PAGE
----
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The U.S. Securities and Exchange Commission (SEC) on Monday said it would provide relief to smaller firms seeking to raise capital via online platforms to meet "urgent funding needs" due to the coronavirus-related disruption.
The SEC's measure seeks to temporarily amend existing crowdfunding requirements but only if a company meets "the enhanced eligibility requirements" while providing "clear, prominent disclosure to investors about its reliance on the relief," which will apply to offerings launched between the effective date of the temporary rules and Aug. 31, the agency said.
The regulator in March proposed allowing smaller, private companies to access more capital before they meet a requirement to register with the agency - a lengthy and costly process.
At that time, some investor advocates expressed worries that even the stricter rules now in effect were not enough to encourage robust disclosure.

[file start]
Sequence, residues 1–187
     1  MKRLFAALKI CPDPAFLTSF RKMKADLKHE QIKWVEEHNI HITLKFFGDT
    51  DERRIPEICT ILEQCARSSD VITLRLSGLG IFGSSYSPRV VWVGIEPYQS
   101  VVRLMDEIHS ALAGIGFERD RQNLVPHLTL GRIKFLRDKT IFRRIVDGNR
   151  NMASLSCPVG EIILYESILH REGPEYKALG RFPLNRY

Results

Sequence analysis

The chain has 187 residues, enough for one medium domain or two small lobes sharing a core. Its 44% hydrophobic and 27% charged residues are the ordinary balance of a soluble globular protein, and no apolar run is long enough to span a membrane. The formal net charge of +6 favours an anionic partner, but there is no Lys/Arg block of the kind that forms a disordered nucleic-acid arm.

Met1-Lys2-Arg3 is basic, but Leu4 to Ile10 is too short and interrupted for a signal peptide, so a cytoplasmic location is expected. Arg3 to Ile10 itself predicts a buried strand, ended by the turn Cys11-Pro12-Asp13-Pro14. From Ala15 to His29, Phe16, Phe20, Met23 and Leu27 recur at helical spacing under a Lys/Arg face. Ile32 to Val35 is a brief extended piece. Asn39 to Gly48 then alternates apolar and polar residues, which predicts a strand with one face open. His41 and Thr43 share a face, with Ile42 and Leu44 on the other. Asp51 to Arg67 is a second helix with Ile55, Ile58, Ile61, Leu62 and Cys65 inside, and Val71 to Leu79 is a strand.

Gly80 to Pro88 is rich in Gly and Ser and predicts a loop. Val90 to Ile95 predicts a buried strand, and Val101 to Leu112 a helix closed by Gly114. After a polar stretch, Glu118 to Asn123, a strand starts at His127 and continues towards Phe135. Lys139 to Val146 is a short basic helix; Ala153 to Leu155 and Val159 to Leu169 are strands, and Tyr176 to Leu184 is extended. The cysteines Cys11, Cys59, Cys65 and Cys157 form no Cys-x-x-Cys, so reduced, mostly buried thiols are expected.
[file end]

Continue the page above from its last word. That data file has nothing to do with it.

The agency has previously issued relief to address concerns by public companies and investment firms.
Monday's measure exempts issuers who have offered between $107,000 and $250,000 in securities within a 12-month period from an independent auditor review requirement of financial statements, the agency said.
Issuers that have been organized and operated for at least six months prior to the commencement of the crowdfunding offering are also eligible for the agency's conditional relief. Firms must also have issued securities under the agency's current Regulation Crowdfunding offering rules in the past, the agency said.
Issuers may only initiate crowdfunding after filing offering statements, but the firms' financial statements may be initially omitted, the agency said.
"In the current environment, many established small businesses are facing challenges accessing urgently needed capital in a timely and cost-effective manner," SEC Chairman Jay Clayton said in a statement.
"Today's action responds to feedback we have received from our Small Business Capital Formation Advisory Committee and others about the difficulties these companies may face in conducting an offering within a time frame that meets pressing capital needs, while continuing to provide appropriate protections for investors."
(Reporting by Katanga Johnson; Editing by Paul Simao)